Where does branding begin?

The most effective branding projects involve teamwork between different specialists

Clients used to know which consultancies to go to for particular expertise. However, as media and technology have changed and exploded over the past few years, the remit of each marketing discipline has expanded, and the lines of differentiation between consultancy and agency types have become blurred.

Branding consultancies are no longer in their ivory towers, dreaming up identities and leaving them for others to implement. These days they have strong commercial acumen and are multi-disciplined, so they are often expected to do, or at least direct, the implementation of complex brand strategies and campaigns. Similarly, ad agencies are looking at how a strong advertising strategy can be the cornerstone of the brand (for example, 118 118). Only this week we saw EMI appoint Saatchi & Saatchi to manage its artists’ branded content. But can either provide clients with a one-stop shop?

In reality, both the brand consultancy and the ad agency are essential players in the branding process, with distinct, but complementary roles. While the ad agency will love to win a branding brief and the branding consultancy may relish the challenge of devising an ad campaign, a successful branding project requires team work. The big question is where does branding end and advertising begin? There is no end and no beginning; it’s not a relay race, it’s a team sport. It’s about driving the overall momentum of the brand in the marketplace, ensuring that people’s experience of the brand always meets expectations.

Large fmcg companies bring in specialists for each part of a branding project, as they are set up in this way, but they have to ensure that this doesn’t lead to silos of thinking. With media fragmentation, they must think about all the media being used, as these all create touchpoints where brand experience needs to be positive and consistent.

Smaller companies, however, are unlikely to have brand specialists in-house and, with fewer resources, may like the idea of a one-stop shop, as it may save time. However, lack of branding experience is even more reason to go to a specialist, as non-specialists tend to over-complicate things. A process is required, but it doesn’t need to be a science project. A brand must identify customers’ needs and fulfil their requirements through the creation of a meaningful personality, look and feel. Creating a brand is about marrying the look – ‘image’ – with the feel or ‘experience’.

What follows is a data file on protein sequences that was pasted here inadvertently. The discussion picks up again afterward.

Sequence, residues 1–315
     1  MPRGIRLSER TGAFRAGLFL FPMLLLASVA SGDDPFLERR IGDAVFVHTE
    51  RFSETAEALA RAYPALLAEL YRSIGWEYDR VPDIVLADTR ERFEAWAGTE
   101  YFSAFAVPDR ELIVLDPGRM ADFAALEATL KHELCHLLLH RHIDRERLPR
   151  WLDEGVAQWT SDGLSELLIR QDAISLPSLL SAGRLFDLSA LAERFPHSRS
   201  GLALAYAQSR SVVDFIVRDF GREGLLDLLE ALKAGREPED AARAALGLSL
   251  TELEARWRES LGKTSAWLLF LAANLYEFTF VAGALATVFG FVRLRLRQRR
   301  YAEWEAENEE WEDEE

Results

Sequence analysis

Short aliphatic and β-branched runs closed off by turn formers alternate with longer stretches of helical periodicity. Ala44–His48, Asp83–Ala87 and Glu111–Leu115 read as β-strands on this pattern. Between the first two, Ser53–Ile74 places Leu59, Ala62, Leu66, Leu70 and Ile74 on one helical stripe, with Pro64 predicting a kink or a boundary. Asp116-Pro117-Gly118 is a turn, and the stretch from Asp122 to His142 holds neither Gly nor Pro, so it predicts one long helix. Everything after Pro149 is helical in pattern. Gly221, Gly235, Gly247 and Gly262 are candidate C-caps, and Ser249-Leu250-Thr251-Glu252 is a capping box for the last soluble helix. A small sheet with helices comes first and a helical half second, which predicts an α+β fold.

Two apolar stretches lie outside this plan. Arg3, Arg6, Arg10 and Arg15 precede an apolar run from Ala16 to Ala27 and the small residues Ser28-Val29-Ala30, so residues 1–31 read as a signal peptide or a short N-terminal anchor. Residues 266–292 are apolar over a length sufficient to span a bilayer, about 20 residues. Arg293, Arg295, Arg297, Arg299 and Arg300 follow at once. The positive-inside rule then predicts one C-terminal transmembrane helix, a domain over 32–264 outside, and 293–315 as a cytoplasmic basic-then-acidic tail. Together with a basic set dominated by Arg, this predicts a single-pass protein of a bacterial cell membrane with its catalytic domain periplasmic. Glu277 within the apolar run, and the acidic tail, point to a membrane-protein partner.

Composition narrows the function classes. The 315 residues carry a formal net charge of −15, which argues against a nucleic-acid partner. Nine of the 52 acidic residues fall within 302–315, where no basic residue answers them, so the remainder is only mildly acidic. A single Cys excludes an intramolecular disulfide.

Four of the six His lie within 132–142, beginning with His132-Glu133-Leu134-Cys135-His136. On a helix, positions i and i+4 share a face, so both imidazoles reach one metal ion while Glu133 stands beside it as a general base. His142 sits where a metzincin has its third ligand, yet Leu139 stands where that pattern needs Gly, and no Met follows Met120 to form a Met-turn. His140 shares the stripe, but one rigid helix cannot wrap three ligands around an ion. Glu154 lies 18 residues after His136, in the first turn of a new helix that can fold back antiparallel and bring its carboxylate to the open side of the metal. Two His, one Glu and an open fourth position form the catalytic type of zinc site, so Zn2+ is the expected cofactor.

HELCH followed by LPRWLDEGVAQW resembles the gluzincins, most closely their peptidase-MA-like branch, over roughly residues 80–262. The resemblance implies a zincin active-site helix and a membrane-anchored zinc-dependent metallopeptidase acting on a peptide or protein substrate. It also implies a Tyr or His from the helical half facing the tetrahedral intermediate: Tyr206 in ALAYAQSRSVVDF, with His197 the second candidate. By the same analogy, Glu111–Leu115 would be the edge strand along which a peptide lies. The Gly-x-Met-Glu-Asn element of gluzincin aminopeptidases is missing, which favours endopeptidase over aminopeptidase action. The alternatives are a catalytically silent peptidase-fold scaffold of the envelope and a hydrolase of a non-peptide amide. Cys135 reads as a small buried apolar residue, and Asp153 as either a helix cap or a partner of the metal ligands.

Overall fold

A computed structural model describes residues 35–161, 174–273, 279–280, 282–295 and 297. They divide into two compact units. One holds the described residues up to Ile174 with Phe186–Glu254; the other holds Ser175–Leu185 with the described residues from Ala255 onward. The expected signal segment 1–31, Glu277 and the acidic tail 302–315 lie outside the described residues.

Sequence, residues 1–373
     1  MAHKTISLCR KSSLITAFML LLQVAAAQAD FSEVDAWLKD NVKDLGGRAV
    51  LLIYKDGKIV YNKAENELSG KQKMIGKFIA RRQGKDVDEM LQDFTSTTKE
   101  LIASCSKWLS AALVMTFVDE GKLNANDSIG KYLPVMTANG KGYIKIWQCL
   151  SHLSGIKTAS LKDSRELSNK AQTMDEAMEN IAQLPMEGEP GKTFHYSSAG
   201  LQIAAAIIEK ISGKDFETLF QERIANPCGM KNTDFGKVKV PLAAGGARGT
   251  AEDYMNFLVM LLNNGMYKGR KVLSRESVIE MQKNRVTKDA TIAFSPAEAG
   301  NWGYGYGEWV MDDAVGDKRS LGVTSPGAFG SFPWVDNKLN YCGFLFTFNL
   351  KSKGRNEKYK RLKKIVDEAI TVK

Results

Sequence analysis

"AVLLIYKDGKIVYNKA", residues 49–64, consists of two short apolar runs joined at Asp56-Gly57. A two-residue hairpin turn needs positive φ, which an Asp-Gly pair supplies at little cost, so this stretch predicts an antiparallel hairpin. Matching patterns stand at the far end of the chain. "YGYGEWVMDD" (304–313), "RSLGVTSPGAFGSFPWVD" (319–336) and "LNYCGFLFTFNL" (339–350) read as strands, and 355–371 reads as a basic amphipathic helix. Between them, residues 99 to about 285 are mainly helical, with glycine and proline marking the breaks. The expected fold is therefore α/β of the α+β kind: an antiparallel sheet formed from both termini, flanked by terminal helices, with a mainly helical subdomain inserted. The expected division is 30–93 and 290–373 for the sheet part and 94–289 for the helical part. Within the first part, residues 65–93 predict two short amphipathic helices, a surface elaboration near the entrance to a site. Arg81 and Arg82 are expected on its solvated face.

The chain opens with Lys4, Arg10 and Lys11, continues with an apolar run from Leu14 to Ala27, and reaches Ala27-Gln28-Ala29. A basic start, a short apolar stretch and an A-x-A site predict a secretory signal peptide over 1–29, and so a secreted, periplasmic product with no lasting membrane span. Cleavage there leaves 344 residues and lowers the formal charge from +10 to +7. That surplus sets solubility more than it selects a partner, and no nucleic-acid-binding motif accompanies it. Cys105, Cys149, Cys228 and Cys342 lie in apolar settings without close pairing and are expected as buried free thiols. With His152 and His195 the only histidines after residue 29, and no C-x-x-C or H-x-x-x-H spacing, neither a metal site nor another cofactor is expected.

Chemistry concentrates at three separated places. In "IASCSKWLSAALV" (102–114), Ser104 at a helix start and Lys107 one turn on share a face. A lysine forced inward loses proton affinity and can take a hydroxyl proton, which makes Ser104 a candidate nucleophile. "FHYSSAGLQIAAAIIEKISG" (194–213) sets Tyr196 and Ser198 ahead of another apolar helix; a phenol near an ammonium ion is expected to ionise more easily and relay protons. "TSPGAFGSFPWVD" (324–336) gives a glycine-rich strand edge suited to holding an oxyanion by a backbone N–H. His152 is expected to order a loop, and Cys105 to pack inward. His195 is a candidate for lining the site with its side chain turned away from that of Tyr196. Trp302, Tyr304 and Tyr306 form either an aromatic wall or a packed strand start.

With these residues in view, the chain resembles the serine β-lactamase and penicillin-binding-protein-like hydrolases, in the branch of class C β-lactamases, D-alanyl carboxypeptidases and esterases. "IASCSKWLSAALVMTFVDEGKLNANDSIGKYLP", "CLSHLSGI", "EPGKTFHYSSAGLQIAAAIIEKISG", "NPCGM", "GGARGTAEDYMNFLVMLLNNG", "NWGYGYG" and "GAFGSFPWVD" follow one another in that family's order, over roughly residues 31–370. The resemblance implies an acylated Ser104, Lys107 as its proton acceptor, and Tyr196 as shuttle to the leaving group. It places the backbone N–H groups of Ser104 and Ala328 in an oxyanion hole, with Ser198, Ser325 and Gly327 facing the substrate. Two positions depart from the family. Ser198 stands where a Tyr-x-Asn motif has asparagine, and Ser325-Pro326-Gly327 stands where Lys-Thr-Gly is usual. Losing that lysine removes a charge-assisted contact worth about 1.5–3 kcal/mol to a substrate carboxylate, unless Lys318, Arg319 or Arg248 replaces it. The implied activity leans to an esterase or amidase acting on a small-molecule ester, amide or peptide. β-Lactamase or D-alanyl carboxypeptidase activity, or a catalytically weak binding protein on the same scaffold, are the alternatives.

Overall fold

The key role for the branding consultancy is to concern itself with the multitude of brand experiences across every touchpoint, such as operational hygiene factors needed to deliver the brand promise, customer service, telemarketing, retail, packaging and so on. Advertising is one touchpoint, but a positive moment of truth will have greater impact on a customer’s brand preference than any beautifully crafted campaign.

That’s not to undermine the role of advertising. It’s one of the most visible manifestations of a brand, so the ad agency plays an invaluable role in brand development, using communications that carry brand values to achieve commercial objectives to change consumer behaviour – eliciting a sale, driving response, communicating specific messages, such as a new product launch.

So, for a successful branding project, ad agencies and brand consultancies must work together. The branding consultancy can then create a valuable, tangible asset which the ad agency can interpret into campaigns that really bring it to life. This doesn’t mean the branding consultancy dictating to the ad agency – it’s about interpretation, not reinvention.

Cross-discipline work should be handled with caution. You must ensure that you have the resources and expertise to take on work outside your usual remit. As exciting as it may be to take on a global ad campaign featuring TV ads, press, outdoor media, radio and direct marketing, can you really offer your client the expertise they need to implement one? If you can, that’s great, as you can guarantee that the brand is on message in every manifestation. If not, it can be short-sighted, as there is huge potential for getting it wrong, jeopardising the ongoing relationships with your clients, which, otherwise, would have been likely to bring you a greater, more profitable level of work for the long-term.

Linda Garcia is managing director at branding consultancy Turquoise


• Work as a team with all agencies
• Leave egos and your awards shelf out of it – the brand is the most important thing
• Focus on brand experience at all touchpoints

• Move beyond your remit unless you have the resources
• Dictate

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